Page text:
* What’s the difference? Here’s an explanation from “Guaranteed Vs. Direct Lending: The Case of Student Loans” (PDF):

The Department of Education (ED) oversees two competing student loan programs: the Federal Family Education Loan (FFEL, or guaranteed) program, and the William D. Ford Federal Direct Loan (Direct Loan) program. In the guaranteed program, which dates back to the mid-1960s, the government guarantees loans originated by private lenders against losses from default and makes supplemental payments to lenders. In the direct program, which began operation much more recently in 1994, the government directly lends to qualifying students.

* None of the reforms has anything to do with solely private loans.

* And it doesn’t address the root of the problem: the tremendous increase in tuition expenses, which Benjamin Ginsberg attributes to school administrative bloat. One argument is that federally guaranteed student loans make the problem worse, since an industry whose payments are guaranteed hell or high water is under less pressure to compete on cost. On the other hand, it’s a difficult scenario to design a debt system around—if you stop paying your mortgage or your car payment, people will take your house or car. They can’t take your knowledge of particle physics or anthropology back.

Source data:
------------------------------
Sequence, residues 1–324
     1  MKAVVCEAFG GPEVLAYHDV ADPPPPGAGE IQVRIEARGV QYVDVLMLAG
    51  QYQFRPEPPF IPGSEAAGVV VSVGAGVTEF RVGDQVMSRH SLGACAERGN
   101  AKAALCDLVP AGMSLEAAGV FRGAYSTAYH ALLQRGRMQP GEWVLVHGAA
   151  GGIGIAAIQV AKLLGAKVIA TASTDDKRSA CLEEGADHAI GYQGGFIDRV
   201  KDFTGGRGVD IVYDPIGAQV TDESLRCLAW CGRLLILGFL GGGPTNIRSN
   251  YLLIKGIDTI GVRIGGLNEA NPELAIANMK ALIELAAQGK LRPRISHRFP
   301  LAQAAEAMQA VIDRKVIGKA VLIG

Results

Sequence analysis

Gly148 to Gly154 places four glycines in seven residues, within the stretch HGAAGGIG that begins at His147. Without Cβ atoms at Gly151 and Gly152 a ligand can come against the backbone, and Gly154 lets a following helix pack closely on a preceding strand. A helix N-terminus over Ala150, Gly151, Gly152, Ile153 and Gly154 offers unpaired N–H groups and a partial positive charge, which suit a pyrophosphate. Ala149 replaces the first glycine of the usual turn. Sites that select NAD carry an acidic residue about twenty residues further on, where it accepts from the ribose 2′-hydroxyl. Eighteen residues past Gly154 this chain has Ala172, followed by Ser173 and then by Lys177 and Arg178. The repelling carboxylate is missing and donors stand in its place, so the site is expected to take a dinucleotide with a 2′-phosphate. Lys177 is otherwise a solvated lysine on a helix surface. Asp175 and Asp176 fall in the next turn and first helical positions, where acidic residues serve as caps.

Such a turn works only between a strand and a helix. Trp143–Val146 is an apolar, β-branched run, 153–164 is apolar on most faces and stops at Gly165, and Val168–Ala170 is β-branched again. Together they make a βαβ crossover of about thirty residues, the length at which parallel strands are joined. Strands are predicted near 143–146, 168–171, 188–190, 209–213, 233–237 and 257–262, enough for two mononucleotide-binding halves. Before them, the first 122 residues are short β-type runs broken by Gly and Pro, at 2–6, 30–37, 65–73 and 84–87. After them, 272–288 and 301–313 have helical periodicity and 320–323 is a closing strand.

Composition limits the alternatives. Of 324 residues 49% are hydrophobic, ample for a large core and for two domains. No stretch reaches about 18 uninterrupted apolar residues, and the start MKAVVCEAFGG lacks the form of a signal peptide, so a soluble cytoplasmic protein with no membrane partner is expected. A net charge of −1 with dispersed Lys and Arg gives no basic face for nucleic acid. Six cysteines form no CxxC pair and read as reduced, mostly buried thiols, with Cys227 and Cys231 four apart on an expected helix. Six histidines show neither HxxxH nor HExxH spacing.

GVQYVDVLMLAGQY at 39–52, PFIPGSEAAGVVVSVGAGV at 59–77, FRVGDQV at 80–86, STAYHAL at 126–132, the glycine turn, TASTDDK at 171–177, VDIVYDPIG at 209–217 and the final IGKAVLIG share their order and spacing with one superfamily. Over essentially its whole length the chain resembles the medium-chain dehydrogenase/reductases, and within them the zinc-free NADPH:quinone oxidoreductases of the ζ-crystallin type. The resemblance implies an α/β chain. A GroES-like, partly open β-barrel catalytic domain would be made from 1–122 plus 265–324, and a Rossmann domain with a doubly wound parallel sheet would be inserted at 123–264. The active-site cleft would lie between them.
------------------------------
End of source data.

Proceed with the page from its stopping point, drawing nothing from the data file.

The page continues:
It’s comparable to medical debt, since hospitals aren’t allowed to, say, send a repo man to re-open your wounds if you skip out on paying for your stitches. Not coincidentally, that’s another form of debt that’s central to Occupy Wall Street, not to mention legislatures around the country.

* Mike Konczal discusses the unique status of student loans, and how the new reforms won’t help most of the people who have already driven up U.S. student loan debt, and asks, “how is this not setting up an entire generation for complete disaster?”

* Part of the reform is the Know Before You Owe program, from the Consumer Financial Protection Board, which aims to simplify financial-aid information; you can visit the site and send feedback on the info-sheet draft. It’s a good start, but it’s clearly intended for entering students, not exiting students.

In my experience, the former is the easy part; it’s when you’re out on your own with all sorts of loans from different sources and various, often exclusive means for consolidating and/or reducing payments that it gets impossibly complex. Which is why the income-based repayment aspect of this new round of student-loan reforms actually already exists and is profoundly underutilized.

One of the significant effects Elizabeth Warren had on the creation of the CFPB is a drive towards simplification of financial information, beginning with credit card statements. Know Before You Owe is great, but if anything, Know After You Owe is more important.

 

Photograph: a.mina (CC by 2.0)